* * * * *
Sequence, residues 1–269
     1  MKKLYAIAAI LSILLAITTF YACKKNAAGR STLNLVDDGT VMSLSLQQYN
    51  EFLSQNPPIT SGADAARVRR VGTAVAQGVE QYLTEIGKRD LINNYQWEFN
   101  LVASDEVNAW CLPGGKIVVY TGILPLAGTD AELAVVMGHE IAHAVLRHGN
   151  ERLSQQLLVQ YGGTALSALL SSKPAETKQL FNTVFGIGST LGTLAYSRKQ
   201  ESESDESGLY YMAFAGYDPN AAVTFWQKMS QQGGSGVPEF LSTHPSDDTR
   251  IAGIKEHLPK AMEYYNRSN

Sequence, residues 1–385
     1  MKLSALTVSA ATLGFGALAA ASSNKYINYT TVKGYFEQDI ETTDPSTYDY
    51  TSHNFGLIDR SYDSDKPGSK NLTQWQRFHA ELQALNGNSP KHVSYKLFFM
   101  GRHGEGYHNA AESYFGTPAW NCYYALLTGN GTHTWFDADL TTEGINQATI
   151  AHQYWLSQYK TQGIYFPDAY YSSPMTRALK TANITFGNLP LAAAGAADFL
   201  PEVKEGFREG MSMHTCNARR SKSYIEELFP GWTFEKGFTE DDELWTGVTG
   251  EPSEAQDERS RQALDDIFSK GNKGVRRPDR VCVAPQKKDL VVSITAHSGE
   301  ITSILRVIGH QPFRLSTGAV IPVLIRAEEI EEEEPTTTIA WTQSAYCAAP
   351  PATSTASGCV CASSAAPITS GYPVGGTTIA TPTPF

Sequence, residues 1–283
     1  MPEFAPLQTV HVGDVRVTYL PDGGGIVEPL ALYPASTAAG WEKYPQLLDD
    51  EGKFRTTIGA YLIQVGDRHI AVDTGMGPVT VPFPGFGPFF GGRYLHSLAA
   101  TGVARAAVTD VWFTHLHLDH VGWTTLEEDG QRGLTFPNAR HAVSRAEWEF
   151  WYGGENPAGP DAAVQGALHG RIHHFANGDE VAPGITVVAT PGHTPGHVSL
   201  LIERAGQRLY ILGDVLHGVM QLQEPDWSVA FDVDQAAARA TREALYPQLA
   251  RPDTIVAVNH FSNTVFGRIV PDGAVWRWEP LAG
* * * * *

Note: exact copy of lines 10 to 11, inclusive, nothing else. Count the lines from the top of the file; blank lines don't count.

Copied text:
    51  TSHNFGLIDR SYDSDKPGSK NLTQWQRFHA ELQALNGNSP KHVSYKLFFM
   101  GRHGEGYHNA AESYFGTPAW NCYYALLTGN GTHTWFDADL TTEGINQATI